One of the ramifications of extended life is the rapidly increasing population of seniors who need varying levels of care. While business and government have responded to this development with some standards and protocols, ultimate responsibility remains with family, friends, and institutions that select caregivers.
Previous generations had fewer older relatives to care for and more people in the home to care for them. With two-breadwinner families prevalent and older children often away at school or themselves employed, the presence of paid help has become a frequent necessity. The marketplace has responded with agencies and freelancers dedicated to home care, but the quality and cost of this care varies across the nation. With the regulation of this segment of the health field largely in the hands of state authorities, the result is sharp differences in standards and accountability of practitioners and employers from place to place.
A family seeking the services of a caregiver will normally have access to basic relevant information as to licensing of agencies and the experience and references of referred individuals. Often, a potential caregiver will have been recommended by neighbors or relatives on the strength of a successful care episode. However, it is essential that the written record and recommendations be supplemented by a meaningful interview because a happy care outcome is so sensitive to the relationship that develops between the caregiver and the cared-for.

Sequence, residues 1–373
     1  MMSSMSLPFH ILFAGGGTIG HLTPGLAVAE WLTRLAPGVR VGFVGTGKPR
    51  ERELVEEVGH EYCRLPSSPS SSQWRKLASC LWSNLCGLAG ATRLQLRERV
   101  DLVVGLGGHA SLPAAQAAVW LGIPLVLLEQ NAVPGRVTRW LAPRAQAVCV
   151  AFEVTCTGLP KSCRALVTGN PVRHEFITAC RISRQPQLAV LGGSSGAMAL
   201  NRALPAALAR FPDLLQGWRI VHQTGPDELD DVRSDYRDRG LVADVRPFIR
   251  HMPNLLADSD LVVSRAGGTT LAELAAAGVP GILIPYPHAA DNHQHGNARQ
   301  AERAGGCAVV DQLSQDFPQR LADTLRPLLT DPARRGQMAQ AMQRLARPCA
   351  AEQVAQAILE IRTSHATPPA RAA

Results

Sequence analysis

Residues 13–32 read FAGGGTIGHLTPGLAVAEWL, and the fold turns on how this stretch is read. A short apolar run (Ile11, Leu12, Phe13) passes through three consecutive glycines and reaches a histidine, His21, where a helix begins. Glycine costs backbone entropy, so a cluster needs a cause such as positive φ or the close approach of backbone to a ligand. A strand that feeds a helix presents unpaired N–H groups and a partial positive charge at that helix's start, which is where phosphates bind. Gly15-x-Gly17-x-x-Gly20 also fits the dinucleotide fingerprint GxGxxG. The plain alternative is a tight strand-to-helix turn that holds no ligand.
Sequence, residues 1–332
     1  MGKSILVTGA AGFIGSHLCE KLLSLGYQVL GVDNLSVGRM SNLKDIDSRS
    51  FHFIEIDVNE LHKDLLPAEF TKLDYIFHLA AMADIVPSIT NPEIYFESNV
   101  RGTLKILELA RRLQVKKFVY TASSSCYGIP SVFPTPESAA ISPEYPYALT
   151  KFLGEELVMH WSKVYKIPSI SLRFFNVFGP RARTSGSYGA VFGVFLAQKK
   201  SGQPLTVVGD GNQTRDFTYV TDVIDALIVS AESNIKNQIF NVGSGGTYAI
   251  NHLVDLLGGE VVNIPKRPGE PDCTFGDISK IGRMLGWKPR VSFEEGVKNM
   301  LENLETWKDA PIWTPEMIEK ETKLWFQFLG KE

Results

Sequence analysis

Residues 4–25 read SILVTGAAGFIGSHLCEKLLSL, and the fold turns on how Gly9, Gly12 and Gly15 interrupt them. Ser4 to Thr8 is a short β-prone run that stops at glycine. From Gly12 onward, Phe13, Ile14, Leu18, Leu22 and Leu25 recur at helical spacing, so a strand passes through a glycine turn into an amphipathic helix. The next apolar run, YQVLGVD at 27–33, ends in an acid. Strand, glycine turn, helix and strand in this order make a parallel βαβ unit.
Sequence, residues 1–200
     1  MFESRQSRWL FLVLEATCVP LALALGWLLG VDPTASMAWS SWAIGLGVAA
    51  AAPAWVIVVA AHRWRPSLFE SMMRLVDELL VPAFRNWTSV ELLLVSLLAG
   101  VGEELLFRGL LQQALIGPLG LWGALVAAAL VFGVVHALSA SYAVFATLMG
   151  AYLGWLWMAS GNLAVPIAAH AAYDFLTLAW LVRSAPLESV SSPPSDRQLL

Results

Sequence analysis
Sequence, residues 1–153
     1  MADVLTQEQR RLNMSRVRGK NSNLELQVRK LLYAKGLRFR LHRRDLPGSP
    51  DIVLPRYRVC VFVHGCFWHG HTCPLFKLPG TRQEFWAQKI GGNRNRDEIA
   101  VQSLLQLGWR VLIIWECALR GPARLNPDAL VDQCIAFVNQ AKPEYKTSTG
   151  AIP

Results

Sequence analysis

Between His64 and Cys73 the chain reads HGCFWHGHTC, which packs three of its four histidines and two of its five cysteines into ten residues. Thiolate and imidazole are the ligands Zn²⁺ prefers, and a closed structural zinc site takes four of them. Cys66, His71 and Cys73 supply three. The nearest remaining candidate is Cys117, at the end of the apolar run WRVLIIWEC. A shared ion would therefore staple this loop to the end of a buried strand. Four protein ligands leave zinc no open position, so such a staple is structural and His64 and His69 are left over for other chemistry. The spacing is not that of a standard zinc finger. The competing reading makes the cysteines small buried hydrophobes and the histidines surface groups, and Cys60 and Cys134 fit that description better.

Much will depend on the level of care required. For some, medications and doctor visits will loom large. For others, basic hygiene support and companionship will be more dominant. Regardless of these crucial details, the selected caregiver must be a person who provides alert, conscientious, efficient care that meets the physical, emotional, and security needs of the senior.
The interview is the opportunity to evaluate the motivation and warmth that the potential caregiver will bring to the assignment. Realistically, many people employed as home caregivers are in the field because of the lack of more rewarding employment opportunities, whether their fault or not. And yet, many have just the giving traits and family experiences that make for caring support.The following suggested questions are designed not only to elicit useful answers but also to subjectively judge the human feelings that will underlie their efforts:
- What care-giving experience has given you the most satisfaction?
- What have you found most frustrating in your experiences?
- Do you keep in touch with any of the families you’ve worked with?
- Have you had any care-giving experiences in your own family?
- Have you learned about the backgrounds and life stories of people you’ve cared for?
- How do you stay cheerful with people who have many things wrong with them?
- How do you stay alert with someone who hasn’t much to say?
- How do you stay friendly with someone who might be disagreeable?
- Do you have any interest in advancing in the health field?
These questions should be supplemented with others specific to the care-giving situation under discussion. It is not only the answers but the seriousness and passion that may accompany some of them that will be valuable indicators of success or the opposite. Professions of love for old people must be backed up with experience and/or perceived sincerity.
Although there is no foolproof way to read the heart of a potential caregiver, a well thought-out interview and careful listening can eliminate some of the inherent uncertainty in taking on a highly sensitive and vital relationship.
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